There was a very quick break between films, and my buddy and I used it as an opportunity to increase our chances of getting lung cancer. While doing so, I noticed a guy go up to the ticket booth to ask Matt about purchasing a ticket for the fourth and final film of the night, Planet Terror. It was around 5am at this point and I thought that was a geeky-cool thing to do, to be like "You know what? I'm up early (or up late) and I just want to catch this one film!". I overheard Matt telling him that the ticket was for the entire night, though, which would be about $20, and at that point my friend and I went inside. So I don't know if the guy ponied up the $20 for this one film or if a deal was worked out. But I swear I saw him in the theater, or maybe I was too bleary-eyed to distinguish the handful of remaining cinemagoers in the crowd.
Yup, I started getting sleepy and nodded off throughout Planet Terror, but c'mon you can't blame me for that. I refuse to take responsibility for that. This was a Friday night/Saturday morning and I had a long day at work that started early the previous day and I didn't have time for a nap before taking off to the New Bev. That doesn't change anything, people. I can roll with the big boys and girls from dusk till dawn, I'm the real thing when it comes to all-nighters, I'M BONA FIDE!!!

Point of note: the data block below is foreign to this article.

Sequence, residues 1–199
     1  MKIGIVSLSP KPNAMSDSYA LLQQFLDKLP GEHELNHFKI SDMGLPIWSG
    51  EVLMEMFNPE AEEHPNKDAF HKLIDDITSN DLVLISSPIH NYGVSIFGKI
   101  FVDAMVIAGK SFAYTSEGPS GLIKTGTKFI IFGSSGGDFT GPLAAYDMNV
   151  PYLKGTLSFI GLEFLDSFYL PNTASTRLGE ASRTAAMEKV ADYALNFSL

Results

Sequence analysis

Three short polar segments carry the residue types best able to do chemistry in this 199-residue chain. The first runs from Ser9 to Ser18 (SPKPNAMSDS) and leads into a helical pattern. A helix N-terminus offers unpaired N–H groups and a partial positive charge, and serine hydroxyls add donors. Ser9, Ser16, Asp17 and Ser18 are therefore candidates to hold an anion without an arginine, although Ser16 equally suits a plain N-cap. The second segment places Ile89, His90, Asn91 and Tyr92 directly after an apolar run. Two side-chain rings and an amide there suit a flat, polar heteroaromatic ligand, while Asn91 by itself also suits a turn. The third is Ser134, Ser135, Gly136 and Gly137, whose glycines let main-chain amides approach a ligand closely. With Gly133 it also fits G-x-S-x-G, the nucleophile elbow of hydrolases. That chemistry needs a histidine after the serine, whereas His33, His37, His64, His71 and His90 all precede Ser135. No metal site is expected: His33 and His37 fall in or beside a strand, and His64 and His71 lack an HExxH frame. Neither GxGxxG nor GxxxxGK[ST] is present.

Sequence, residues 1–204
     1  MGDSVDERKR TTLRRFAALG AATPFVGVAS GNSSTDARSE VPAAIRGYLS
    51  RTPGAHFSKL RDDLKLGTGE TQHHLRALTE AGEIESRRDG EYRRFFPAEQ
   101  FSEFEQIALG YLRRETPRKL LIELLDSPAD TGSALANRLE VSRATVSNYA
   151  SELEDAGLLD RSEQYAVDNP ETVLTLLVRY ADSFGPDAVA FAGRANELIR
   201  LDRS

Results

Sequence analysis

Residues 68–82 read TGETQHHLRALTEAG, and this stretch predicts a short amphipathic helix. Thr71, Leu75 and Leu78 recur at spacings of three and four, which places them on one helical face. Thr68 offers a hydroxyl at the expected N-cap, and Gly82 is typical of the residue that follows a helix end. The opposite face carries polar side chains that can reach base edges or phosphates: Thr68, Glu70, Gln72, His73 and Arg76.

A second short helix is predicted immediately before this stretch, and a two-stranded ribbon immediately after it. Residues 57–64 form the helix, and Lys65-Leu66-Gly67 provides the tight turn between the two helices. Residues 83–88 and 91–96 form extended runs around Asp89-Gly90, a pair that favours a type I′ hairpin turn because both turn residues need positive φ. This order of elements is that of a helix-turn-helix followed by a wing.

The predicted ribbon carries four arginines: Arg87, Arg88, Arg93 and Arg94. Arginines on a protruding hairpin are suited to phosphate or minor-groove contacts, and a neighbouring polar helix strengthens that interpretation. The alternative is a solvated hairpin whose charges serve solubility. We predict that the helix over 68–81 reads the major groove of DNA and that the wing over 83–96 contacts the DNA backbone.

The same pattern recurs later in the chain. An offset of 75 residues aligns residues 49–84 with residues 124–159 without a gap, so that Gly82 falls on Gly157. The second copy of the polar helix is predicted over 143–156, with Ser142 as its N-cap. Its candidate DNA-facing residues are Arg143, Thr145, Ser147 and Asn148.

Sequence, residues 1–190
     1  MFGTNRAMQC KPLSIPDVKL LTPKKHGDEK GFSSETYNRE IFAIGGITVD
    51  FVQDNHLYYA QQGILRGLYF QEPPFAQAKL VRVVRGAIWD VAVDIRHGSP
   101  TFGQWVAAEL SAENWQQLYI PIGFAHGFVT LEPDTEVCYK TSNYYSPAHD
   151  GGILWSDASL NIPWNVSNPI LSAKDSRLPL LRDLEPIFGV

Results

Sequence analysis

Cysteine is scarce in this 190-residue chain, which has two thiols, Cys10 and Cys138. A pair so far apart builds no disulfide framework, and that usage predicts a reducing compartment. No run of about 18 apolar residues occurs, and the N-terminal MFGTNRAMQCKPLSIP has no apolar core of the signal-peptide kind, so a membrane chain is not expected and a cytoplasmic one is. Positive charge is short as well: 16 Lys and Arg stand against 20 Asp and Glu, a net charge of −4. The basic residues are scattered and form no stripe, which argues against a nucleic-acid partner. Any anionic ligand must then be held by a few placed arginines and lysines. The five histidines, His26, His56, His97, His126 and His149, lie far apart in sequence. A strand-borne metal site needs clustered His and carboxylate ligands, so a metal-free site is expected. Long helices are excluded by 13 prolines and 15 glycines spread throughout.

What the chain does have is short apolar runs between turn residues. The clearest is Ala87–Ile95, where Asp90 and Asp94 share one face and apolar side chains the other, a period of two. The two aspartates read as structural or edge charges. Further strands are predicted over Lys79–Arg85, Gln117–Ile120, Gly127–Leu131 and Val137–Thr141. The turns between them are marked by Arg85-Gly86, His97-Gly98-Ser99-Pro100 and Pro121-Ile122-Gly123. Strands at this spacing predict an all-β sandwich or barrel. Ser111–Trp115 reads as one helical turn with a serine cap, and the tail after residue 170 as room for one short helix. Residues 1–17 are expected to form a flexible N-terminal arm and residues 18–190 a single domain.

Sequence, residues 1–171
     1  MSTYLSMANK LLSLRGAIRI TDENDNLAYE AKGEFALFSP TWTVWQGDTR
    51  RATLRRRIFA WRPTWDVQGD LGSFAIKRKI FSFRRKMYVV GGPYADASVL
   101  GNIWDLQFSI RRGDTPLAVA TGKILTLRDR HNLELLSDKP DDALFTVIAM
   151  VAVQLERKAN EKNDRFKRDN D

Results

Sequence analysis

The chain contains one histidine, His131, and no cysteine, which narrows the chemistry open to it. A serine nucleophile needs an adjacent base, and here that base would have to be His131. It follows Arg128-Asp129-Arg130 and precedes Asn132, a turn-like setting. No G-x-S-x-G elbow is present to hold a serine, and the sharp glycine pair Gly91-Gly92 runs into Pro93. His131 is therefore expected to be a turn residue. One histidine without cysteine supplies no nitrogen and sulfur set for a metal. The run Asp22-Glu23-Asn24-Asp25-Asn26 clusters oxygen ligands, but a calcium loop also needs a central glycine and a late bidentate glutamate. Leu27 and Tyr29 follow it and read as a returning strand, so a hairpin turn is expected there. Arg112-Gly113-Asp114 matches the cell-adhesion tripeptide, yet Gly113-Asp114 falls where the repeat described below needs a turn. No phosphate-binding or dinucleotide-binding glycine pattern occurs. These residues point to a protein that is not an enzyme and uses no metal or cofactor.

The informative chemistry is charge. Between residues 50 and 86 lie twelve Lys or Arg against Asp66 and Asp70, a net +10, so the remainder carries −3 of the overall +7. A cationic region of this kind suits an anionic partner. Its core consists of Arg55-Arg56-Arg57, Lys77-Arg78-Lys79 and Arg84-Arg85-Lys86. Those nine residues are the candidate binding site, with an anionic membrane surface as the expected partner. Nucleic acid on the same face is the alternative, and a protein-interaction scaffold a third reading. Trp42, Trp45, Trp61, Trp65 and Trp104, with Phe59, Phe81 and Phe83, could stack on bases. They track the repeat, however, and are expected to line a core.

Anyway, this was the extended version of Planet Terror, which is about 15 minutes longer than the version that played in the Grindhouse double feature with Tarantino's Death Proof. It's also presented in Rodriguez's preferred 1.78:1 aspect ratio rather than the 2.35:1 used for Grindhouse. It's worth a watch, just to see what was taken out put back in, but I feel that the shorter cut is the better viewing experience. I've said this before in my previous ramblings (which is why I won't go on too long about this film) but the shorter Grindhouse cut of PT fuckin' moves, man! It's fast-paced without overwhelming you. The additional scenes and moments in this longer cut make some of the previously relentless sequences play out in stops and starts -- speed bumps in the Autobahn.
My favorite example of the longer version hurting the overall pace is when the character of Wray (Freddy Rodriguez) arrives at the hospital to save his girl Cherry Darling (Rose!), followed by the Sheriff and his Deputy (Michael Biehn and Tom Savini). In the Grindhouse cut, he rolls his Killdozer in front of the hospital, gets out, and heads straight inside and we cut to the interior of the hospital. Immediately Wray begins stabbing every zombie-like "sicko" who gets near him, only stopping or slowing down to kill as he makes his way to Cherry's room. It's a fucking awesome scene that is all pure propulsion made even more propulsion-ier by Rodriguez's pulsing electronic score on the soundtrack.